Some 24 students were arrested and several others injured when members of the Indonesian security forces broke up a demonstration in Yogyakarta, Central Java on 1 April 1997. According to one report, those arrested are detained in Sleman District Military Command Centre, other reports suggest that they are being held in police custody. Amnesty International fears that they are at risk of ill-treatment or torture - the risk is particularly acute if they are in military custody.
According to reports, the demonstration of about 300 people took place at 9am on the campus of Gadja Mada University, Yogyakarta. The students were demonstrating in support of the ousted leader of the Indonesian Democratic Party (Partai Demokrasi Indonesia - PDI), Megawati Sukarnoputri, and were calling for greater democracy and for a boycott of the election for Indonesia's House of Representatives due on 29 May. The students were threatening, or had begun, a hunger-strike in support of their demands. The security forces intervened to break up the demonstration, allegedly beating and stamping on demonstrators as they did so.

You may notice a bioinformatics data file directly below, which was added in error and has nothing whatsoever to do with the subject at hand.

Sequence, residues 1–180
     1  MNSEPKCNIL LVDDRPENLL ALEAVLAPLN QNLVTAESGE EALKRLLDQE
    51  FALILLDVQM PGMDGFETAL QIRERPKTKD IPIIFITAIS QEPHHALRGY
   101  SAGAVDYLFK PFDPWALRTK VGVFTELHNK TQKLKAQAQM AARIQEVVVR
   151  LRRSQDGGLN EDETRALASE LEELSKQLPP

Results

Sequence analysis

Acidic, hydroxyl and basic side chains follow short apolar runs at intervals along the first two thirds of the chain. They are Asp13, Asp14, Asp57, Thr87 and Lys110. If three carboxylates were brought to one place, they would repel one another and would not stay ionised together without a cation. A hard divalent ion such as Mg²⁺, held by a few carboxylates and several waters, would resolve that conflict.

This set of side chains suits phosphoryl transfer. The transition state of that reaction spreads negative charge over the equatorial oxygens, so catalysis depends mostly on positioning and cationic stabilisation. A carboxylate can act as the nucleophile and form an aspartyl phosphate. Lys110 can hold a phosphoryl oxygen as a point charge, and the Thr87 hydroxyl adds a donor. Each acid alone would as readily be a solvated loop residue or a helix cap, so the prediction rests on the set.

There is no information to suggest that the demonstrators were engaged in any violence and Amnesty International is concerned that they may have been arrested solely for the peaceful expression of their beliefs.
Tension has been mounting in the run up to the May 29 Parliamentary elections. Growing calls for political change inside the country have met with repression from the government. Since January 1997 at least 17 people have been detained in connection with their peaceful calls for an election boycott or for political change. They include former parliamentarian Sri Bintang Pamungkas who was detained on 5 March together with two of his colleagues from the unofficial United Democratic Party of Indonesia (Partai Demokrasi Indonesia - PUDI) after sending cards to celebrate the Moslem festival of Idul Fitri. The cards called for the election to be boycotted and for President Suharto to be replaced. All three are being held under the Anti-subversion Law which punishes subversion with death or up to life imprisonment. Others have been arrested, and in some cases charged or tried, for distributing pamphlets or putting up posters calling for an election boycott and for criticising past elections.